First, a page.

With these goal-setting fundamentals in place, businesses gain a results-driven framework for channelling efforts toward measurable outcomes.

How to achieve goals

Transforming strategic goals into tangible outcomes requires dedicated structures and processes to maintain momentum. Below are best practices for driving continuous progress on individual and organisational goals:  

1. Attach target completion dates

Tying specific deadline dates to goals creates urgency and prompts action. Connecting due dates to milestones on quarterly or annual calendars keeps goals feeling proximate and prevents diffusion across endless time horizons.

2. Schedule regular progress reviews  

It is important to schedule regular meetings to help evaluate progress, identify roadblocks, and recognise achievements for both individual employees and teams as a whole.

3. Visually display and publicise goals

It's important to display goals visually throughout the workplace using charts, digital dashboards, and other public displays. This helps teams stay informed and motivated to meet targets. 

4. Link goals to employee development plans

Connect major goals, especially stretch assignments, to employee growth trajectories and skill building. Doing so invests staff in outcomes through elevating competencies and career path clarity.

5. Celebrate milestones

Team celebrations or events can help maintain motivation as team members work towards long-term goals.

6. Re-evaluate and refresh goals periodically  

It is important to periodically review higher-level goals to ensure they align with the company's strategy. This includes updating long-term goals and milestones to prevent stagnation and adjusting targets as business conditions evolve.

Teams can achieve organisational success by persistently focusing on working and reworking their goals, which transforms static objectives into dynamic engines.

How to align individual, team and organisational goals

It is critical for organisations to align their goals at all levels to maintain focus and consistency to ensure seamless execution of strategies.

1. Customise goal frameworks

To make goal-setting more effective, it is better to tailor the framework and language used to specific departments and job levels, rather than imposing a one-size-fits-all approach across the company. For instance, the top-level management team could establish broad business objectives for the company, while product teams could use OKRs to achieve their goals, and customer service representatives could use performance KPIs to evaluate their performance.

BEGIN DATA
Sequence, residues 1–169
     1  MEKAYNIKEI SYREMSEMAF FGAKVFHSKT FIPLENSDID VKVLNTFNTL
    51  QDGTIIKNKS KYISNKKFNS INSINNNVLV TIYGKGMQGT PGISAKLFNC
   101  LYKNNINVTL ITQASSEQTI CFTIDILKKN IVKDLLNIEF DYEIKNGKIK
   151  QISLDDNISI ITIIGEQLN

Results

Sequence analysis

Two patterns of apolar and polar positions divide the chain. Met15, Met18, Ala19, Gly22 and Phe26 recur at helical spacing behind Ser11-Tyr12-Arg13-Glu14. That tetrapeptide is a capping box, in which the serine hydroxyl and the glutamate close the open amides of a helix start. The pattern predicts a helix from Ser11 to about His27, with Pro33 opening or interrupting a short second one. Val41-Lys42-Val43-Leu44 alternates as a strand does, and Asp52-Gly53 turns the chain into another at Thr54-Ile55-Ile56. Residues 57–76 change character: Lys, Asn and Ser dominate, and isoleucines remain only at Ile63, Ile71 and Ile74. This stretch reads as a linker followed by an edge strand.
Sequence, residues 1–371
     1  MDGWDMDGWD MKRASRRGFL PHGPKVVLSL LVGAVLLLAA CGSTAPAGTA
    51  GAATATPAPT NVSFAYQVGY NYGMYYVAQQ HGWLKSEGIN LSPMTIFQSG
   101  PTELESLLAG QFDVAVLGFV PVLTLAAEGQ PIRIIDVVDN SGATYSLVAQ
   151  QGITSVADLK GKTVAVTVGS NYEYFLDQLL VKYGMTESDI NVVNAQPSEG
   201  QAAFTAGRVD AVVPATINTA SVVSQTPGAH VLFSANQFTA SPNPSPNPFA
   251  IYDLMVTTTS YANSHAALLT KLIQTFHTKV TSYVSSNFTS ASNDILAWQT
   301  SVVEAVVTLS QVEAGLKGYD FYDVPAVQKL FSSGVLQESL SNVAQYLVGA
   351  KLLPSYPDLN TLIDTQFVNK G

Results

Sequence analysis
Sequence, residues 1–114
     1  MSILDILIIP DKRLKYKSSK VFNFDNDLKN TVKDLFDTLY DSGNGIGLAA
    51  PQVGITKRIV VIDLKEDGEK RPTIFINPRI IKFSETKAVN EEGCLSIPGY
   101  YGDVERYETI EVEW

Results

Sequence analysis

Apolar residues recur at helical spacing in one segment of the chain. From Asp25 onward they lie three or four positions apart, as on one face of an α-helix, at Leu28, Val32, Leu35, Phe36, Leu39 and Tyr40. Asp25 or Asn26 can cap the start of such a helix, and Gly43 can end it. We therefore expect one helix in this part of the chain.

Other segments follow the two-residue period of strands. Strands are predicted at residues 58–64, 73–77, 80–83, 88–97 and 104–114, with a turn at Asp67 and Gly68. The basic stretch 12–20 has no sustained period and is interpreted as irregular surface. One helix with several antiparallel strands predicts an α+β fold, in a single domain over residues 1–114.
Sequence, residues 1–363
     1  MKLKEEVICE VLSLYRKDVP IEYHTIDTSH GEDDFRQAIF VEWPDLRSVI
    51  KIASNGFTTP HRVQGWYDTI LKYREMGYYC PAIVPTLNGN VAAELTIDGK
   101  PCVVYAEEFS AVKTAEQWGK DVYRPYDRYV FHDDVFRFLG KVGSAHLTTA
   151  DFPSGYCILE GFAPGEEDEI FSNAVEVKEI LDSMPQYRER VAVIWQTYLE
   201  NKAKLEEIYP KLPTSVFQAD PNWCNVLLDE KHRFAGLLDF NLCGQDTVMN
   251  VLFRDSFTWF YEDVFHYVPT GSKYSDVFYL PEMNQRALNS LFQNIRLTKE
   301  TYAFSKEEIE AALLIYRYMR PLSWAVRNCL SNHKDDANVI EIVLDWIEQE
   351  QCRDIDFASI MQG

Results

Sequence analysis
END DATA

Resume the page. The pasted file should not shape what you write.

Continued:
2. Actively participate in goal-setting

Collaborative goal-setting with managers and staff prevents top-down decrees, increases buy-in, and surfaces disconnects early.

3. Establish visible cross-references 

When documenting departmental and staff objectives, explicitly connect them to larger business goals even when they are scattered geographically or organisationally.

4. Design review touch points

Evaluate alignment through regular reviews with leadership, managers, and employees to track progress on goals and priorities. Adjust as needed.

While achieving optimal goal interlinkage across a large organisation may pose a challenge, purposeful structures and touchpoints can promote ongoing connectivity, visibility, and recalibration.

5. Leverage intuitive tools

Tools like Tability make it easy to align your team's efforts with strategic objectives, ensuring that every task contributes to the organisation's overall success.

Align team and organisational goals with Tability

Conclusion

Setting goals is a vital process for aligning employees, teams, and entire organisations around shared objectives that contribute to overall business strategies. By clearly defining qualitative goals, quantifying them with metrics, breaking them down into milestones, building execution plans, and reviewing progress, leaders can transform aspirations into tangible results.

Setting structured goals can help create transparency, accountability, and motivation within an organisation. This can be achieved by linking major organisational targets with specific departmental initiatives and individual development plans. Customising goal frameworks, actively collaborating on goal development, and visibly linking goals across the organisation can ensure the coherence of efforts at scale. It's also important to periodically review alignment to ensure that everyone is on track.

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Monika Gudova

Content Writer and Editor